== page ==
Literary Essay The Tell-Tale Heart

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Tell Tale heart close reading The Tell-Tale Heart by Edgar Allan Poe depicts the story of a murderer who appears to be mad, and yet the murderer spends the story trying to convince the reader that he is actually a sane person.

In writing this story Poe does a great job of capturing exactly how someone who did just commit such a heinous act, especially someone who was most likely in the wrong state of mind from the get go.

And as noted in the introduction to this section, this story shows the narrator's attempt to rationalize his irrational behavior.

The story begins with the narrator admitting that he is a "very dreadfully nervous" type.

Throughout this excerpt the narrator describes himself as nervous, and yet at the same time, he seems incredibly excited when he can discuss how he went about killing the old man and what preparations he took to avoid being caught.

He goes from nervously speaking of what it is that makes a person mad, and what madmen are like, and yet when he begins to talk of how he killed the old man, the tone shifts to one with more excitement that nervousness.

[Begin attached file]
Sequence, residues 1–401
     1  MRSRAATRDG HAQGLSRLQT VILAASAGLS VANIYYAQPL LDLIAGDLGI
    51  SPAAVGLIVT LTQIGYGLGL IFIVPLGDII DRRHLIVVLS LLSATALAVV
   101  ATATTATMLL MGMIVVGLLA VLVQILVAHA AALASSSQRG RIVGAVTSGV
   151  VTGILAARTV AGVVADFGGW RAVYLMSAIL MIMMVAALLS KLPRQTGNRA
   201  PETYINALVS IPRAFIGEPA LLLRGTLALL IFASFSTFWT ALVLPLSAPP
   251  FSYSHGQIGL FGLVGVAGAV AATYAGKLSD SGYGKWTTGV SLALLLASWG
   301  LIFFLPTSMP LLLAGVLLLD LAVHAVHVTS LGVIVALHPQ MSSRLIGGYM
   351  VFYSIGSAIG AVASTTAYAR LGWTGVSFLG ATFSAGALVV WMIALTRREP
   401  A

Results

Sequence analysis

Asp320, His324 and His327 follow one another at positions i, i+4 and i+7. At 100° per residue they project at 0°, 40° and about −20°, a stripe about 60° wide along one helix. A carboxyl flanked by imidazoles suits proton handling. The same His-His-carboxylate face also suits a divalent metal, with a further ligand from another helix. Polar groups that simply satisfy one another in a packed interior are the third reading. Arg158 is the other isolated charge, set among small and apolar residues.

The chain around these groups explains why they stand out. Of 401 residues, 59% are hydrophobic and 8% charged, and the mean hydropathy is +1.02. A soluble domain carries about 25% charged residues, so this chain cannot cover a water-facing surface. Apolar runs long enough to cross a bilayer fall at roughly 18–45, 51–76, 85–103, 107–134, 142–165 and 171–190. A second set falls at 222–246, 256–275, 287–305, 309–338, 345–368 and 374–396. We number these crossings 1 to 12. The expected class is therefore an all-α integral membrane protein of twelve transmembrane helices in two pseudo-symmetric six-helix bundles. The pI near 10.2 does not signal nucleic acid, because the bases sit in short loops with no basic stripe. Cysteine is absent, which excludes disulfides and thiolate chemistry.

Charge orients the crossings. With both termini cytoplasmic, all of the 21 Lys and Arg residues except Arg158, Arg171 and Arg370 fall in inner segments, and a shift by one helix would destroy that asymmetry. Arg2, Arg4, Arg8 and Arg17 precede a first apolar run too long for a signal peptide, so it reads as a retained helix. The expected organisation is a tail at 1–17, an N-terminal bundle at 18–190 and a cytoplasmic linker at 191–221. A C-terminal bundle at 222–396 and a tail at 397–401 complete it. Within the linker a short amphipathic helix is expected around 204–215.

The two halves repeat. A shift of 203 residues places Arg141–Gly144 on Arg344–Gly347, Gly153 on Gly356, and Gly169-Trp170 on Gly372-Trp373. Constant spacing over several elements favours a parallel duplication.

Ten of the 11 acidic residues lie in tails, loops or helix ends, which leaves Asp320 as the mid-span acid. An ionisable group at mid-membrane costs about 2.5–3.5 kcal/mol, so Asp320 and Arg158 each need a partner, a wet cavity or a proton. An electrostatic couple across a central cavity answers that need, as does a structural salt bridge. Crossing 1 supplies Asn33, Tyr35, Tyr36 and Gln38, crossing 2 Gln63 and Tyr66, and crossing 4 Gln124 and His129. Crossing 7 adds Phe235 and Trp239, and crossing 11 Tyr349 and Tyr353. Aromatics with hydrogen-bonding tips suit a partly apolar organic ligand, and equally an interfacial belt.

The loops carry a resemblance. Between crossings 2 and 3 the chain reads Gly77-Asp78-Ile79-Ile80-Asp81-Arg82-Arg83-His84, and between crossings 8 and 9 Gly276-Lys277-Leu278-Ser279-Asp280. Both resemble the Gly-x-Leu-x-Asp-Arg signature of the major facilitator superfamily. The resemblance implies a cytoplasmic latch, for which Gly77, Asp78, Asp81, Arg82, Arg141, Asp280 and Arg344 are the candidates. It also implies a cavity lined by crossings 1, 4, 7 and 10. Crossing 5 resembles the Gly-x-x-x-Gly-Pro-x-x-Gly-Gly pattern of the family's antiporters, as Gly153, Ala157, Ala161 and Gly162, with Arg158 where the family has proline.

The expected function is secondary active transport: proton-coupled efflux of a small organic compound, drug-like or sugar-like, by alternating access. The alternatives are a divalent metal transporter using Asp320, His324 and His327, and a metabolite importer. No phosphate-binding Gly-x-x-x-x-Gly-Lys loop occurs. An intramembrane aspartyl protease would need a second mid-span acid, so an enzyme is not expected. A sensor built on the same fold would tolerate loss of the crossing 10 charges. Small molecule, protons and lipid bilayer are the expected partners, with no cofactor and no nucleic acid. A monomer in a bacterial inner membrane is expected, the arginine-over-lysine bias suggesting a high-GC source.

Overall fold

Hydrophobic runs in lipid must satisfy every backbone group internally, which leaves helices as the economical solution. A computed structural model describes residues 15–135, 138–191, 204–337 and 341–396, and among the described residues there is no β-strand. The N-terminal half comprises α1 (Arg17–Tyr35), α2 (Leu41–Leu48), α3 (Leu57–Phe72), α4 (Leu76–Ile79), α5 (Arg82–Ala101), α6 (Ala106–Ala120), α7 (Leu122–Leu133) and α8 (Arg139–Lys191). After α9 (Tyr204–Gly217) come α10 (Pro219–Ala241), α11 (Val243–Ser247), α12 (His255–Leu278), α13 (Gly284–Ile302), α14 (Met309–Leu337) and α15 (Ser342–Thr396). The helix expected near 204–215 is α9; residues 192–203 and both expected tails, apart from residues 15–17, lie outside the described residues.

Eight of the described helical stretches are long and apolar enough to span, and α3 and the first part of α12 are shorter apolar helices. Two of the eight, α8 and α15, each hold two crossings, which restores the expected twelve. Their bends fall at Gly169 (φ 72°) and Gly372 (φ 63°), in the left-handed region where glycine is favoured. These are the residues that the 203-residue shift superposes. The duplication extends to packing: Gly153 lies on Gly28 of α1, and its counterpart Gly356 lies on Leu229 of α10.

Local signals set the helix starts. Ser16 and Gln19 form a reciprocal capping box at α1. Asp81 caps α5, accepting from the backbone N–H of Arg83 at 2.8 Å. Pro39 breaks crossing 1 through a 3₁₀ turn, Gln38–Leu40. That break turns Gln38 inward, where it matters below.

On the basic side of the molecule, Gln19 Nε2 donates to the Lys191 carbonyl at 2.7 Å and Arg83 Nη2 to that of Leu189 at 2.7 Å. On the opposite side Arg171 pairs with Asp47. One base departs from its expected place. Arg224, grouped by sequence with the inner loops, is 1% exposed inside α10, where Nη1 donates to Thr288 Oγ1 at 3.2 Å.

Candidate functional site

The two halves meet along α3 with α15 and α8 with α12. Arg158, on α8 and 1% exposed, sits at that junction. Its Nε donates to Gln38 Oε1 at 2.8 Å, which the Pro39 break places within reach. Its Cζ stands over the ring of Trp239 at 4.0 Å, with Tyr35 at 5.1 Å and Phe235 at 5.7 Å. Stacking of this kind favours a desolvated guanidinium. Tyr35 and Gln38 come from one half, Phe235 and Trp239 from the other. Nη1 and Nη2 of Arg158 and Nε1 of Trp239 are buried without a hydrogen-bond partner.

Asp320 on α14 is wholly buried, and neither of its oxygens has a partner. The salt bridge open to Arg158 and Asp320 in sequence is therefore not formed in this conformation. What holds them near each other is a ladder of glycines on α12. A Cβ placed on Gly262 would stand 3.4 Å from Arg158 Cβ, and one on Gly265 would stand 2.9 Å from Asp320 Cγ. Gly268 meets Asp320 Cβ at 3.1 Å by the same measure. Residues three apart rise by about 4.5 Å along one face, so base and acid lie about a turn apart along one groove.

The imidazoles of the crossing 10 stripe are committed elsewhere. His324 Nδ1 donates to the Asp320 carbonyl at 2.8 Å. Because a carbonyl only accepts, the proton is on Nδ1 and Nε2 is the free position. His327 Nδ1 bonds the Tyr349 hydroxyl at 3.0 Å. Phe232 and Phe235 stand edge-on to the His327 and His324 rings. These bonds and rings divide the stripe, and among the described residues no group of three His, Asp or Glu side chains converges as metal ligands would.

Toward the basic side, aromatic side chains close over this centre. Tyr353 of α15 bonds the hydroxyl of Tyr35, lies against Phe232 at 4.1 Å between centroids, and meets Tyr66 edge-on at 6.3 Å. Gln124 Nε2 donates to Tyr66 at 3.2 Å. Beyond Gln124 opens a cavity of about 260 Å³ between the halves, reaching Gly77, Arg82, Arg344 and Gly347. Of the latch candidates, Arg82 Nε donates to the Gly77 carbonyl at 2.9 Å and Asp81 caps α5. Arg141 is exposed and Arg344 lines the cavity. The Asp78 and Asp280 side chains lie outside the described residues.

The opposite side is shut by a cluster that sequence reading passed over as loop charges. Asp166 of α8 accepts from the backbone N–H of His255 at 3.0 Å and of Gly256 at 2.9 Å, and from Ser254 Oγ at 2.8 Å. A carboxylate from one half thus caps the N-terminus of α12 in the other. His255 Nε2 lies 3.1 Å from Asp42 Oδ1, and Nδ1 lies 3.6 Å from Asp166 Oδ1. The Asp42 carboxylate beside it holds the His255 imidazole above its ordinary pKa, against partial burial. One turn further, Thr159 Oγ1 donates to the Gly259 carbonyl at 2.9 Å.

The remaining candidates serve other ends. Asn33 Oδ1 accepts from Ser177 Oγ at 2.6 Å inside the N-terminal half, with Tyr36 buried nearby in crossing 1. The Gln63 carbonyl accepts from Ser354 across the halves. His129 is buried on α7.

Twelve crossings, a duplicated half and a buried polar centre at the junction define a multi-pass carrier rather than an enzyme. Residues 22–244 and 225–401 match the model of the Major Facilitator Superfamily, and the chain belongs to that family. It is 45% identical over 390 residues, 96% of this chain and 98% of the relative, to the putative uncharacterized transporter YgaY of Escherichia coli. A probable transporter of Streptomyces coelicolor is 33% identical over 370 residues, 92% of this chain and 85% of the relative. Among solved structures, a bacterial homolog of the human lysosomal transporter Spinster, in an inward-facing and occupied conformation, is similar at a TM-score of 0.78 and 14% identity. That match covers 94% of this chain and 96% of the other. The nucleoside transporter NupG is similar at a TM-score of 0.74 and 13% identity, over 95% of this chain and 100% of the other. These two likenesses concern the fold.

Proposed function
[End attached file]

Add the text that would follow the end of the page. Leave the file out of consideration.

This type is found throughout all of Poe's fiction, particularly in the over-wrought, hyper-sensitive Roderick Usher in "The Fall of the House of Usher." As with Usher, the narrator here believes that his nervousness has "sharpened my senses — not destroyed — not dulled them." Thus, he begins by stating that he is not mad, yet he will continue his story and will reveal not only that he is mad, but that he is terribly mad.

His sensitivities allow him to hear and sense things in heaven, hell, and on earth that other people are not even aware of.

The story begins boldly and unexpectedly: "I loved the old man," the narrator says, adding, "He had never wronged me." Next, he reveals that he was obsessed with the old man's eye — "the eye of a vulture — a pale blue eye, with a film over it." Without any real motivation, then, other than his psychotic obsession, he decides to take the old man's life.

Even though he knows that we, the readers, might consider him mad for this decision, yet he plans to prove his sanity by showing how "wisely" and with what extreme precaution, foresight, and dissimulation he executed his deeds.

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